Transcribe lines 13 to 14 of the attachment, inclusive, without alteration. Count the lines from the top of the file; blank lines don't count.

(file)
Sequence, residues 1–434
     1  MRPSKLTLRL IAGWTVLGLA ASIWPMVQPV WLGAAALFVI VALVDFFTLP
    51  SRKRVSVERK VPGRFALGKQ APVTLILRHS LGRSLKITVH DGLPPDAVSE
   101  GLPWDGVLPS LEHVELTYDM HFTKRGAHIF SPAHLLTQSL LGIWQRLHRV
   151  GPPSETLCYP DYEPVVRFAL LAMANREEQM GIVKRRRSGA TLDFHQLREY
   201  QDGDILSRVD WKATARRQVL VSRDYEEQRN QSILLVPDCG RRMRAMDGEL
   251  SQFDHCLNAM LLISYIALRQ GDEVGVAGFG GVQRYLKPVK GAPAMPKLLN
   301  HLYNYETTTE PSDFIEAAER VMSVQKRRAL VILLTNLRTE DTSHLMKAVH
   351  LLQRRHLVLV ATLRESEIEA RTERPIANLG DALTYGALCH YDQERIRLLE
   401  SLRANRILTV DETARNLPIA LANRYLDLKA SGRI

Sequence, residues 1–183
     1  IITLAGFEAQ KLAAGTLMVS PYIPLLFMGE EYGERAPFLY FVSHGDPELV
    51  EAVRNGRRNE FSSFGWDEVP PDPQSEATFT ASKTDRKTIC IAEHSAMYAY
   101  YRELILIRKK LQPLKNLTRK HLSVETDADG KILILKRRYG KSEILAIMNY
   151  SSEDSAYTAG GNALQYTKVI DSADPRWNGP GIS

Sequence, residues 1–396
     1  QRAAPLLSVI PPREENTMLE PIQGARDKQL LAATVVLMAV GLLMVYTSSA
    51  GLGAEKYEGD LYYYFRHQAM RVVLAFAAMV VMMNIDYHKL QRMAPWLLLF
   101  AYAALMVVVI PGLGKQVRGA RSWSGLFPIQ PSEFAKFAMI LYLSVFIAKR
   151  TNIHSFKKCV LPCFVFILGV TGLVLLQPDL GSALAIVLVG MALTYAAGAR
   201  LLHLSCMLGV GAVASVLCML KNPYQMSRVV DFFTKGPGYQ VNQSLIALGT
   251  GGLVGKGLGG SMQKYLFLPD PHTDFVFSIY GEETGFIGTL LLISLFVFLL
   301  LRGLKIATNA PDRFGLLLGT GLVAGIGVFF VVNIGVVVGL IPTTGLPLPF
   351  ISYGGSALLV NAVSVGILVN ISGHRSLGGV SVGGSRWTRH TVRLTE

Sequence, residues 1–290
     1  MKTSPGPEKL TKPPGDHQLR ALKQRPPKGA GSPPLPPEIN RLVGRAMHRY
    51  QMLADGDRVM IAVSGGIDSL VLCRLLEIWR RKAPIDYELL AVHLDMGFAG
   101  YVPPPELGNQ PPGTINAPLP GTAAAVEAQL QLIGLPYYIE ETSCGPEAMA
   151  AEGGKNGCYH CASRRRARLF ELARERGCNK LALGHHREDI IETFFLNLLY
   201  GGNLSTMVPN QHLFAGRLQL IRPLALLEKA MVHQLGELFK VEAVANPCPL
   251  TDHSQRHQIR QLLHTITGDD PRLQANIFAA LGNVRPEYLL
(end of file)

    51  EAVRNGRRNE FSSFGWDEVP PDPQSEATFT ASKTDRKTIC IAEHSAMYAY
   101  YRELILIRKK LQPLKNLTRK HLSVETDADG KILILKRRYG KSEILAIMNY